In July 1941 the Romanian army captured Czernowitz from the Red Army as part of the German offensive against the Soviet Union. My maternal aunt Chana left Czernowitz with a unit of the Komsomol headed in the direction of Vinitsa.
My maternal uncle Jascha had previously, during the Soviet occupation of the city, been exiled to Siberia.
The family surname was Variten or Veretena.
Neither was heard from again.
I would appreciate any information relevant to the above-described events.


Re: Surnames: Palumbo - SIcily/ Homer - Poland

Diane De Milt
 

My sister in laws family were the Palumbos from Sicily. She was not a fan of Jewish people.  I lived in New York then.  After moving to Tucson and begnning my teaching career I was researching Sicily and discovered that the Palumbos of Sicily were a family of wealthy Jews and that the early settlers of Sicily were Jewish families.


JGAS of Greater Philadelphia Meeting Sunday Nov 17, 2019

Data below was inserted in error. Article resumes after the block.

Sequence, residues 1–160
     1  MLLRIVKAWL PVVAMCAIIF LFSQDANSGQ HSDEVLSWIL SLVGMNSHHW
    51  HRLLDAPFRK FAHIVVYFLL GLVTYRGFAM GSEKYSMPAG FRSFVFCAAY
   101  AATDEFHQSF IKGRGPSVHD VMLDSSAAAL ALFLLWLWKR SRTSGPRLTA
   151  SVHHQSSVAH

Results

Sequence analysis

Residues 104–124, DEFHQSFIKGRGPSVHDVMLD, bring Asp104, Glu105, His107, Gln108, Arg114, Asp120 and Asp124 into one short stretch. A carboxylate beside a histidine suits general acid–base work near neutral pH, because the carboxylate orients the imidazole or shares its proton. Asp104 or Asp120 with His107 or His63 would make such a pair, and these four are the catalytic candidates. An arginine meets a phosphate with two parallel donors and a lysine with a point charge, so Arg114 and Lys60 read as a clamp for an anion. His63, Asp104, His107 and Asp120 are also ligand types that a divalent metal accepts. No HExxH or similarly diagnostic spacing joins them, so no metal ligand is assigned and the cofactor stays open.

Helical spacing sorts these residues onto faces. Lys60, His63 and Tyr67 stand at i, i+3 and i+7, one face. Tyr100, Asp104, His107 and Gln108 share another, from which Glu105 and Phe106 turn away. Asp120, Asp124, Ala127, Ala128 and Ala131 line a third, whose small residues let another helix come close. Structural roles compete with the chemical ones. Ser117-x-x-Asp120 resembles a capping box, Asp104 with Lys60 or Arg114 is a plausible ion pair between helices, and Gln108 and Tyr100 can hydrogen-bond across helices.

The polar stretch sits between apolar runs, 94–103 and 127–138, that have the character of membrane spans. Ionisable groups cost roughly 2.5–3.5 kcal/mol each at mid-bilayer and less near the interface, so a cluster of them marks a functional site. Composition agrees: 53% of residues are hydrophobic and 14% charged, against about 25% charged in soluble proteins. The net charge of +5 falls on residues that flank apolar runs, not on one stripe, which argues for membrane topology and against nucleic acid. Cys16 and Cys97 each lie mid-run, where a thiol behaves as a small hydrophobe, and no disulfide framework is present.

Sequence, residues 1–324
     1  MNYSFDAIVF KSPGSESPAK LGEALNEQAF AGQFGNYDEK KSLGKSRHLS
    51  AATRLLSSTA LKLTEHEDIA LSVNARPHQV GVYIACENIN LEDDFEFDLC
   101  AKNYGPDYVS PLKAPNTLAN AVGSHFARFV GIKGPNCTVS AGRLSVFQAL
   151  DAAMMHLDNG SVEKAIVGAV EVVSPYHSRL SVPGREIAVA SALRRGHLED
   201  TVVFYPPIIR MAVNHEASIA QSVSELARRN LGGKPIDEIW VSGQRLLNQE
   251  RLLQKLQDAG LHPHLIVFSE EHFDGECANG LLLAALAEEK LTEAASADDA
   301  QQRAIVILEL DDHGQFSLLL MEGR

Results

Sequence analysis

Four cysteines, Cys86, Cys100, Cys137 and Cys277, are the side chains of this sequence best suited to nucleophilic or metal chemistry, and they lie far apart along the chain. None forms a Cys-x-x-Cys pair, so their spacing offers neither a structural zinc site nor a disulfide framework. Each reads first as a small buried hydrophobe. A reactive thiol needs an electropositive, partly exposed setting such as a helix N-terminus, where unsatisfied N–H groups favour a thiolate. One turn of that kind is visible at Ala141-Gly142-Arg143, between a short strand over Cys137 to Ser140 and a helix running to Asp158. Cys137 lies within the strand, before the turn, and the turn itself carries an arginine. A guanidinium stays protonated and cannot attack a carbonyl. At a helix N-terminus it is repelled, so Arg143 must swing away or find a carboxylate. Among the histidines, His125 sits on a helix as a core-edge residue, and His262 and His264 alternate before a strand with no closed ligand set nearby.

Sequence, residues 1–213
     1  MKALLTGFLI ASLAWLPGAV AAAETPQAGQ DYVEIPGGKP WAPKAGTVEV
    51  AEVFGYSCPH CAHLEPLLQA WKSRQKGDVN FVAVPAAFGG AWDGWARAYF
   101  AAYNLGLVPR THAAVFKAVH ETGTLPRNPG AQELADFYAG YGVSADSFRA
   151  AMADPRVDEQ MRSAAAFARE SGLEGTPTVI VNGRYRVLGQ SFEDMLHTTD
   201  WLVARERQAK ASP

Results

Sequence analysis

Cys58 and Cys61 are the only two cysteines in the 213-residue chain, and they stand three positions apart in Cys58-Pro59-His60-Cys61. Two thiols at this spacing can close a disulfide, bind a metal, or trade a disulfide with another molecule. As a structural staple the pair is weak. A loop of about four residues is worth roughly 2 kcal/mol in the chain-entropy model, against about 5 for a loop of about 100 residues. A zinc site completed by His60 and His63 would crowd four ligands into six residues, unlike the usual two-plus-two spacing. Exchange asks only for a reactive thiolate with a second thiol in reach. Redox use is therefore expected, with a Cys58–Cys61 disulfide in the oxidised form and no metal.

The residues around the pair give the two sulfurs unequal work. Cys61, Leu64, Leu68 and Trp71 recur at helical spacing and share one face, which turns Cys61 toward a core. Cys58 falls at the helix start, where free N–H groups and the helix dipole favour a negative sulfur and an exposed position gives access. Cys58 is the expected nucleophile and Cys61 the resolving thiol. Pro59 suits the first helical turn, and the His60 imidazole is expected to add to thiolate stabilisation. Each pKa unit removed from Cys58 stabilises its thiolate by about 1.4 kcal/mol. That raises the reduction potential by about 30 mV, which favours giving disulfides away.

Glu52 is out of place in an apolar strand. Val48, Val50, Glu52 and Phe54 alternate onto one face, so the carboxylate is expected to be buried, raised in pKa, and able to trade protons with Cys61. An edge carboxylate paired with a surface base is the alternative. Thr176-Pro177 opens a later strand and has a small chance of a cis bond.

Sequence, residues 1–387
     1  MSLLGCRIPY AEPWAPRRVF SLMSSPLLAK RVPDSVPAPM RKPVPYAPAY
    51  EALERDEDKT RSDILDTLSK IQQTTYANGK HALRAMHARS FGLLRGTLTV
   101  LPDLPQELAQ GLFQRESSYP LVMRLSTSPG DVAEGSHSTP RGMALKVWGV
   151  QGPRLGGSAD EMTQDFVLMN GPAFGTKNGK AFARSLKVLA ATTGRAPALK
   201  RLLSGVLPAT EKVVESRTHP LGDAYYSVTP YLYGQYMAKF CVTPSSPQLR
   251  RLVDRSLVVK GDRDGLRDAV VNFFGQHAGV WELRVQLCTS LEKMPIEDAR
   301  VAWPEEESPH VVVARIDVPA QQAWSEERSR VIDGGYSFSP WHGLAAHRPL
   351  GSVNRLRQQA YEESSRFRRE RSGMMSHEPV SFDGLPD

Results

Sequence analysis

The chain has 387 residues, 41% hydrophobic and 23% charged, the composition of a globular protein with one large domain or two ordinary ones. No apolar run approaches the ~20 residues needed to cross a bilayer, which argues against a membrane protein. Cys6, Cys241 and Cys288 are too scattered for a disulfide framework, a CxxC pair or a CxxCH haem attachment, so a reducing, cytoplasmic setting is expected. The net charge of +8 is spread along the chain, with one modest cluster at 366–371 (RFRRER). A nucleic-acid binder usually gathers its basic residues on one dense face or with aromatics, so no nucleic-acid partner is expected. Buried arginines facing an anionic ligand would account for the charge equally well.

Lois Sernoff
 

Date:  Sunday, November 17, 2019

Time: 1:30PM

Location: Main Line Reform Temple

                410 Montgomery Ave.,

                Wynnewood, PA 19096


Speaker: Deborah Long, Author and Educator

Topic: Out of the Whirlwind: Finding Your Family Lost in the Holocaust

 

Deborah Long has been researching her family’s Holocaust history and looking for surviving family members for more than 50 years.

Her research in 2009 led to the discovery of surviving cousins in Sweden, Hungary, Canada, and most recently in Israel. Deborah is a

professional educator, though typically her audiences are licensed professionals. She has written more than 20 books, including a memoir

about growing up as a child of survivors titled “First Hitler, Then Your Father, and Now You.” She is the founder of the Triangle JGS in

Durham/Chapel Hill, North Carolina.

The daughter of two Holocaust survivors, Deborah Long reviews the best (as well as some of the obscure) resources and methods for

determining the fate of those involved in the Holocaust, including survivors and victims. Deborah will use examples from her own research 

to demonstrate the documents and artifacts she discovered.

 

Mentors will also be available from 1:00 PM until the start of the meeting to help with your research efforts.

JGASGP website http://www.jgsgp.org is now available with latest news,upcoming meeting notices, and links to Philadelphia resources.

We can also be found on Facebook.

Member are welcome without charge

Guest fee of $5 can be applied toward membership

Lois Sernoff [[JGASGP]